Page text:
“It’s like insects are crawling all over your body.” Irish people reveal impact of Long Covid
“There’s an awful lot of working wounded, people who got Covid and here they are back at work and they can’t remember names.”
Irish people who have been severely affected by Long Covid have revealed the debilitating effects it has had on their lives.
On Prime Time on RTÉ One on Thursday evening, a number people in Ireland affected by Long Covid revealed the symptoms they continue to suffer long after contracting the virus and the negative impact it has had on their quality of life.
“I was on my kitchen floor with my daughter next to me and I honestly thought I was going to die,” said Susannah Thompson, who contracted Covid-19 in April 2020 and subsequently suffered a relapse.
“My heart was going incredibly fast in a funny rhythm, I had severe chest pain,” added Susannah, who revealed that she hasn’t been able to work since.
“It’s like insects are crawling all over your body,” said Linda Dalton of the symptoms she has suffered as a result of Long Covid.
“I can’t retain information. That would be my brain, I still have heart issues,” Linda added.
"The doctors don't know how to fix it. They can only treat the symptoms." @barrycummins12 heard from people who are still suffering with Long Covid years after being contracting the virus | #rtept | Read more: https://t.co/6pKM7rfjP3 pic.twitter.com/XfAYXZK5dc
— RTÉ Prime Time (@RTE_PrimeTime) September 22, 2022
Speaking on the programme, Dr. Jack Lambert, Professor of Infectious Diseases at UCD, explained that the effects of Long Covid can exist for a significant period of time after the original infection and that Long Covid is having an impact on the workforce in Ireland “at every level”.
“Long Covid is a condition that primarily affects the brain and the immune system,” he said.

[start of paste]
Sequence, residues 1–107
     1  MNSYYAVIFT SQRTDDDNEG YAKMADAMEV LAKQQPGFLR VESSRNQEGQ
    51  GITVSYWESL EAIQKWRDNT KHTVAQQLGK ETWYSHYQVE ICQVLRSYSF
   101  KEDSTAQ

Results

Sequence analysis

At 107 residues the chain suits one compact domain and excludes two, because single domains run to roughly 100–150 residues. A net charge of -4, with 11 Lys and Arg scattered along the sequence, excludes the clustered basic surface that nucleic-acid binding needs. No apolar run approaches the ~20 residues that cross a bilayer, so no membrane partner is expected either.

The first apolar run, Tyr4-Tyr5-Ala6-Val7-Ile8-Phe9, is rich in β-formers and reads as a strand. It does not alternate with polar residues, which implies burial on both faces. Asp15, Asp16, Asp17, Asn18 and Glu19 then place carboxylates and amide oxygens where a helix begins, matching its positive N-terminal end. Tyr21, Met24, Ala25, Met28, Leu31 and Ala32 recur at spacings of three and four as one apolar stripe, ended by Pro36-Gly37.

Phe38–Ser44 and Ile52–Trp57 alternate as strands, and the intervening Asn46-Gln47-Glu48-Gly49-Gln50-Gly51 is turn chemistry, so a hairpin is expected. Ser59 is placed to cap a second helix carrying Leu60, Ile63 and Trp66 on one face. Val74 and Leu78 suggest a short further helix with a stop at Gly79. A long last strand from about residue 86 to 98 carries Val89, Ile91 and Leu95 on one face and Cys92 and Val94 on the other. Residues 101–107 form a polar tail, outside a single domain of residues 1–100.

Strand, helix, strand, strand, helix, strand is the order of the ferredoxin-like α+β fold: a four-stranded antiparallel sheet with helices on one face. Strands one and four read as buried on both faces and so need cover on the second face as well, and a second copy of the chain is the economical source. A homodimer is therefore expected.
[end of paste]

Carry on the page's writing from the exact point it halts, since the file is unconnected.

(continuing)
“The lungs and heart heal, and the virus is gone we believe, but there’s some kind of post-infectious inflammation, damaged immune system.
“So, brain inflammation, damaged immune system, and that tends to be the lingering problem with these patients, sometimes a year later and sometimes two years after the original infection.”
“There’s an awful lot of working wounded, people who got Covid and here they are back at work and they can’t remember names,” Lambert added.
“They’ve got brain fog so they’ve got concentration problems, so it is having an impact on the workforce at every level.
"And I'm seeing many, many nurses who were infected two years ago who have not got any care and support in the two years and they're still terribly unwell, unable to go back to work, and being threatened with having, you know, their disability payments taken away, which is, you know, unfair."
Earlier this week, Denis Naughten, Independent TD for Roscommon/Galway, questioned the Taoiseach on care for people suffering from the effects of Long Covid, estimating that there are over 330,000 adults in Ireland likely to be suffering some effects of Long Covid and over 21,000 unable to work as a result.
— Denis Naughten (@DenisNaughten) September 20, 2022
Naughten told the Dáil that “we need to act now and act in a very comprehensive way”.
In response, the Taoiseach acknowledged that the issue was “very serious” and that a “more uniform framework” was required to deal with issues caused by Long Covid in Ireland.
You can catch last night’s episode of Prime Time on the RTÉ Player here.